“Right now because of the injuries and guys we have out of the lineup, who are big players for us, we need those young guys to come in and do a good job, and they’ve been doing that,” goaltender Jean-Sebastien Giguere said. “Quite frankly, there are a lot of guys in Portland who could be called up, too. We’ve drafted pretty well here in the last few years, and made some good trades, so we’re pretty deep. It’s a good sign for our organization.”

Giguere did his part, too, registering 28 saves in his second appearance of the season after having missed the opening six games while recovering from sports-hernia surgery. The lone blemish was a goal 2:24 into the third period by Nashville defenseman Ryan Suter, who scored from the low slot after a nice pass from winger Alexander Radulov.

Suter’s first goal of the season erased a Ducks lead built on Corey Perry’s team-high fifth goal, which came 20 seconds before the end of the first period. A breakout pass by defenseman Kent Huskins, who scored his first NHL goal in Monday’s 6-3 victory over Detroit, sent Parros up the right wing with speed. Parros delivered a nice feed for Wirtanen, who poked the puck past Predators defenseman Greg de Vries and waited patiently for Chris Mason to commit before tapping a shot past the Nashville goalie’s outstretched right skate.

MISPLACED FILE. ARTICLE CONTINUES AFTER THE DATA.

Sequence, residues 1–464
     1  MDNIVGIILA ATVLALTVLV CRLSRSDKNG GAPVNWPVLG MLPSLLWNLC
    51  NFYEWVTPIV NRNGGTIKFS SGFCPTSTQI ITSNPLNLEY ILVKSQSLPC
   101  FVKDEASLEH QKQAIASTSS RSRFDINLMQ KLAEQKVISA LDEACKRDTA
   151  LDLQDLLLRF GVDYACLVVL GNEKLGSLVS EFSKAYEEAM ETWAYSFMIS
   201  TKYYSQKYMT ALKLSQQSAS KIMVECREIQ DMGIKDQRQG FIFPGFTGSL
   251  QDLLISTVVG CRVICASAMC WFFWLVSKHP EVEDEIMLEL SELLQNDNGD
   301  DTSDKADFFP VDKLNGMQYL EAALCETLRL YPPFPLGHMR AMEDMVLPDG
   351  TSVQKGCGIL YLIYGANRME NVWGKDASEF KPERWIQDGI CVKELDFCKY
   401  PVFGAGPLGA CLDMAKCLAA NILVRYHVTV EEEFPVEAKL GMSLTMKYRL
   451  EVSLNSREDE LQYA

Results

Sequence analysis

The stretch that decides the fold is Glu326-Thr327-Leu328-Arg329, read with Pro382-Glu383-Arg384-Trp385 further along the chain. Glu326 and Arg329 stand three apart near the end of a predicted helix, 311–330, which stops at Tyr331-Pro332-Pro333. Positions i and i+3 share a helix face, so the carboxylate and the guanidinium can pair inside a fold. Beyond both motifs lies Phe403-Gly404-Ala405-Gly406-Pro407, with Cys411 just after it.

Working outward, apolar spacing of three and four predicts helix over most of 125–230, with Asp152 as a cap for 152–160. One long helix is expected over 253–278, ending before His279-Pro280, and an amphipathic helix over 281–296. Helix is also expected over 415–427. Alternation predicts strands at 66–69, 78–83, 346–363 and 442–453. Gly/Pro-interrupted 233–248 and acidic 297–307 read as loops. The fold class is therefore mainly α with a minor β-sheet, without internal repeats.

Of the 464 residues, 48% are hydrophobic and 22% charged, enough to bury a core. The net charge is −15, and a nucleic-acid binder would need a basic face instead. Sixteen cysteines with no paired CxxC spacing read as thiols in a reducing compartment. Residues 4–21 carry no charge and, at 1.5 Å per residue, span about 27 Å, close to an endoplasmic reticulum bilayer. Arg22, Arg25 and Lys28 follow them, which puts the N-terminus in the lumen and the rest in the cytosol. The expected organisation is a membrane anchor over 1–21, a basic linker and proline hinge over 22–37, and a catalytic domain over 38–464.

“It was a moment I couldn’t even imagine,” Wirtanen said. “Waking up this morning, I just wanted to take this as a normal game, but of course you’re a little bit nervous. The chance came and I put it in -- and it just felt awesome.” Miller took a cross-ice pass from center Andy McDonald, eluded Predators defenseman Dan Hamhuis near the Ducks’ blue line, outraced de Vries and beat Mason between his pads with a quick shot from the slot. “It was a big goal for our team, so it was nice to get that first one out of the way,” Miller said.